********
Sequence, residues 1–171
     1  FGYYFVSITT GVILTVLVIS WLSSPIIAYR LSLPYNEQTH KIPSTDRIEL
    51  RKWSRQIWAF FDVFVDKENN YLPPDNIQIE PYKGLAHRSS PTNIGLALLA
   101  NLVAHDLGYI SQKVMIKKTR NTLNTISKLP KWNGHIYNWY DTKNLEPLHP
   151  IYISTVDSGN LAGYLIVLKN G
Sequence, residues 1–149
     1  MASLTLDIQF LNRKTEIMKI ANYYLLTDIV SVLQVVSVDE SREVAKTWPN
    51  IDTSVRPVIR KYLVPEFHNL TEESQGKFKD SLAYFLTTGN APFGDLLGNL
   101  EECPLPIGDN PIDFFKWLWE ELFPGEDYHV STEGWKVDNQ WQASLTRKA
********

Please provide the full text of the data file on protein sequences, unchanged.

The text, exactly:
Sequence, residues 1–171
     1  FGYYFVSITT GVILTVLVIS WLSSPIIAYR LSLPYNEQTH KIPSTDRIEL
    51  RKWSRQIWAF FDVFVDKENN YLPPDNIQIE PYKGLAHRSS PTNIGLALLA
   101  NLVAHDLGYI SQKVMIKKTR NTLNTISKLP KWNGHIYNWY DTKNLEPLHP
   151  IYISTVDSGN LAGYLIVLKN G
Sequence, residues 1–149
     1  MASLTLDIQF LNRKTEIMKI ANYYLLTDIV SVLQVVSVDE SREVAKTWPN
    51  IDTSVRPVIR KYLVPEFHNL TEESQGKFKD SLAYFLTTGN APFGDLLGNL
   101  EECPLPIGDN PIDFFKWLWE ELFPGEDYHV STEGWKVDNQ WQASLTRKA